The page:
Statue of a woman, Spedos type

Early Aegean, Cycladic
Bronze Age, Early Bronze Age
about 2600–2500 B.C.

Place of Manufacture: Cyclades, Greece

Catalogue Raisonné

Sculpture in Stone (MFA), no. 003; Sculpture in Stone and Bronze (MFA), p. 106 (additional published references).


Height x width: 111 x 21 cm (43 11/16 x 8 1/4 in.)

Accession Number


Medium or Technique

Marble from the Greek islands

Not On View


The Ancient World



The right arm is folded above the left, and the legs are separated from the knees to the ankles. The feet point downward, and the toes are carved. The woman was never made to stand; she had to have been laid out on a ceremonial table or bier, probably just before she was consigned to the tomb.
The statue was broken in antiquity, evenly through the neck and just below the knees. Traces of paint, or the impression made by paint, can be seen for the eyes, and possibly the mouth. The surfaces are slightly pitted, and there is some minor chipping, but the rich yellow-orange patina overlays all and enhances the general impressiveness of the figure. The character of the breaks suggests that after use in some form of funerary ceremony, the image was deliberately separated into three sections for placement in a rectangular, rock-cut tomb which otherwise would have been too small for this extraordinary sculpture.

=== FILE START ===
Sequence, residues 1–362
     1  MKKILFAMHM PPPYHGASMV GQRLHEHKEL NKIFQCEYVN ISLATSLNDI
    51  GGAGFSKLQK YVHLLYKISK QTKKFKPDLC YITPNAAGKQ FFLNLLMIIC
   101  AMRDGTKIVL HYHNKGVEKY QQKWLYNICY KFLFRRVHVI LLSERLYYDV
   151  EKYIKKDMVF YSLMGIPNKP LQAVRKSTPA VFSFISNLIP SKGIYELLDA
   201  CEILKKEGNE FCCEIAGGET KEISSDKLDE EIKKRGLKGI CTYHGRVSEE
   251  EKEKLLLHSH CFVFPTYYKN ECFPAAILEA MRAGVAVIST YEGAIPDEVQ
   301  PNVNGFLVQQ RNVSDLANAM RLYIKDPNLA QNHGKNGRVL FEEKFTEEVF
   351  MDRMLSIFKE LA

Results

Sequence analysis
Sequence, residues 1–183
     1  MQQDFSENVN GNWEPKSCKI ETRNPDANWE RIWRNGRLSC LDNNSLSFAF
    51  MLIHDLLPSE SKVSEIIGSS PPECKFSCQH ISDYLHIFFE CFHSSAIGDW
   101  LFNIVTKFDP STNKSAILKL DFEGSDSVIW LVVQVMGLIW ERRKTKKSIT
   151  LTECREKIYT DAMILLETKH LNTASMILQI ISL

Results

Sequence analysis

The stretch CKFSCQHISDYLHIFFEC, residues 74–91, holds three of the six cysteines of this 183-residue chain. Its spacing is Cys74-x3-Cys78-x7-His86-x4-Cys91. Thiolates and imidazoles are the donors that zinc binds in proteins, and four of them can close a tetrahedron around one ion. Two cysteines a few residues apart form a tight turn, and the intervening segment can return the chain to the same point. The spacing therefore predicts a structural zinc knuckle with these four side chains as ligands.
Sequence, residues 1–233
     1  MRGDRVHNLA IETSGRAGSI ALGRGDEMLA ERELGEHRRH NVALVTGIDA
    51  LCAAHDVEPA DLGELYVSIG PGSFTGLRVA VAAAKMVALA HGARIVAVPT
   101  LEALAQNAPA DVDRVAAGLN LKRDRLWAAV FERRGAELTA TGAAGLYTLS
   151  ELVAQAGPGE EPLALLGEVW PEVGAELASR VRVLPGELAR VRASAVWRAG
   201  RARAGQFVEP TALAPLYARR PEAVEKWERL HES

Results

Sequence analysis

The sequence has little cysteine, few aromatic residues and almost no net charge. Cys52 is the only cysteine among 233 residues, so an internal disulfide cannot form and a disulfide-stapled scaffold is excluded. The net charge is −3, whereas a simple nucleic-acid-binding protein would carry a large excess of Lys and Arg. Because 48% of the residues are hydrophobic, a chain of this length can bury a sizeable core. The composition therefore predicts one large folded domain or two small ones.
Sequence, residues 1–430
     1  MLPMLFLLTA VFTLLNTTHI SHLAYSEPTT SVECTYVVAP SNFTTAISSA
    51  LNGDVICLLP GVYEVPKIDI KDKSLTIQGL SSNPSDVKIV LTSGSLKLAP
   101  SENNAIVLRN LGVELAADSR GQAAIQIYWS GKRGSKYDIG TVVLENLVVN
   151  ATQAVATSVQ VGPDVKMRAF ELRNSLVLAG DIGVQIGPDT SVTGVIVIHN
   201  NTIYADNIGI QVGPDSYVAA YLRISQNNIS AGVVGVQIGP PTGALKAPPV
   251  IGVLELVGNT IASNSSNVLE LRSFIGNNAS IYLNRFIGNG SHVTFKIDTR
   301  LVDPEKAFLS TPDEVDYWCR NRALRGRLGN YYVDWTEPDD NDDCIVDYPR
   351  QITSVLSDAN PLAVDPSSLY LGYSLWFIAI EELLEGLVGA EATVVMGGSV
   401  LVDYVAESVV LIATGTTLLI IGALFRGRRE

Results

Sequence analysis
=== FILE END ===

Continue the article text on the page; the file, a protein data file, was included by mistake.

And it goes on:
Said to be from Kufonisi, a small island in the middle of the Cyclades. 1967: Münzen und Medaillen, Basel and André Emmerich Gallery, 41 East 57th Street, New York 10022 (shipped from Basel to New York in March, 1967); purchased by MFA from André Emmerich Gallery, September 13, 1967.

Credit Line

Centennial Fund